Elderly patients share control-of-health information with family members or other informal caregivers to help meet changing needs. Patient portals can be helpful for viewing health information and communicating with clinicians, but few explicitly support caregiver roles. Crotty and colleagues conducted a study with older patients and family caregivers to best balance the needs of patients and their caregivers to better design portal access for proxies. Crotty and colleagues found that information sharing may lead to unintended consequences and that control over information is a dynamic process.

Invited Commentary

The National Lung Screening Trial demonstrated a reduction in lung cancer mortality among participants screened with low-dose computed tomography vs chest radiography. In February 2015, Medicare announced its decision to cover annual lung screening for patients with a significant smoking history. These guidelines promote smoking cessation treatment as an adjunct to screening, but the frequency and effectiveness of physician-delivered smoking cessation interventions following lung screening are unknown. Park and colleagues performed a matched case-control study of 3336 National Lung Screening Trial participants who were smokers at enrollment and prevalence of physician-delivered 5As (Ask, Advise, Assess, Assist, and Arrange follow-up) following lung screening. Associated smoking behavior changes were then examined.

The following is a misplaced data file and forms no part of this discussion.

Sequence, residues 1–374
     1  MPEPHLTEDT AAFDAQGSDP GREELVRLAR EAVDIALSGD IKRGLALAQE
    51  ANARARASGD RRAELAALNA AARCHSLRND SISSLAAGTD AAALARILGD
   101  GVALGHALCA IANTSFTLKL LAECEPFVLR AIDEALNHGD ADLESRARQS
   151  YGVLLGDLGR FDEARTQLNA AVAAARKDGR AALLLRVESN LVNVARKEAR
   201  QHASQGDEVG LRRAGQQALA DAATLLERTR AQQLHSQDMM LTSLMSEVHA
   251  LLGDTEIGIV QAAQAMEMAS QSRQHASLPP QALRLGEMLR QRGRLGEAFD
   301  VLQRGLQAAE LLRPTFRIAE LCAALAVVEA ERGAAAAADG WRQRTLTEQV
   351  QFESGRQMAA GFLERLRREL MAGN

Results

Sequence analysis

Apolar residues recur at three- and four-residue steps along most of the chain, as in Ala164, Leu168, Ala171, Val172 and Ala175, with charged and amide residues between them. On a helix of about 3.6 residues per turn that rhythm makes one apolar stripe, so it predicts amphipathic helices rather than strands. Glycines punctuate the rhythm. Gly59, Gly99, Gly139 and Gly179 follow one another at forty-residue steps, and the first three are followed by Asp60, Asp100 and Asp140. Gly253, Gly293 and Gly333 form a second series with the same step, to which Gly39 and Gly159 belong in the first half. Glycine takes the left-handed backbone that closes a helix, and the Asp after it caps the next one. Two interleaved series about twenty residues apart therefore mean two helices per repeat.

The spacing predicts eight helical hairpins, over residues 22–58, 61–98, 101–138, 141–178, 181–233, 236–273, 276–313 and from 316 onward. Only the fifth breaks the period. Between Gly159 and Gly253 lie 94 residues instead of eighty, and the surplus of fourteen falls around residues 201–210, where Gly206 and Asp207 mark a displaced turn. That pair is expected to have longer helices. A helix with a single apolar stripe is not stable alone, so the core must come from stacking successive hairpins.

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Invited Commentary

A concern about offering current smokers lung cancer screening is that it may be perceived as an alternative to quitting. Zeliadt and colleagues interviewed veterans who were offered screening during routine primary care visits as part of a rollout of a lung cancer screening program and found that nearly all patients offered screening believed they would benefit. Patients with no suspicious findings were eager to interpret the results as evidence that smoking was not causing them harm. When small nodules were identified that did not require immediate action, many patients described feeling that screening had caught their disease early and repeated imaging would continue to provide protection. These findings suggest that there are many ways screening can exacerbate cognitive biases and potentially lower motivation to quit smoking among long-term smokers.

Invited Commentary

Allopurinol is a conventional first-line drug used for treating hyperuricemia and gout. However, it has been associated with fatal hypersensitivity reactions in rare cases. In this nationwide population-based study of Taiwanese adults, Yang and colleagues found that the annual incidence of allopurinol hypersensitivity was 4.68 per 1000 new users and related death was 0.39 per 1000 new users. Female sex, high initial dose, age older than 60 years, and comorbid renal or cardiovascular disorders were all associated with increased risk, particularly among patients with asymptomatic hyperuricemia and either chronic kidney diseases or cardiovascular disorders.

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Editor’s Note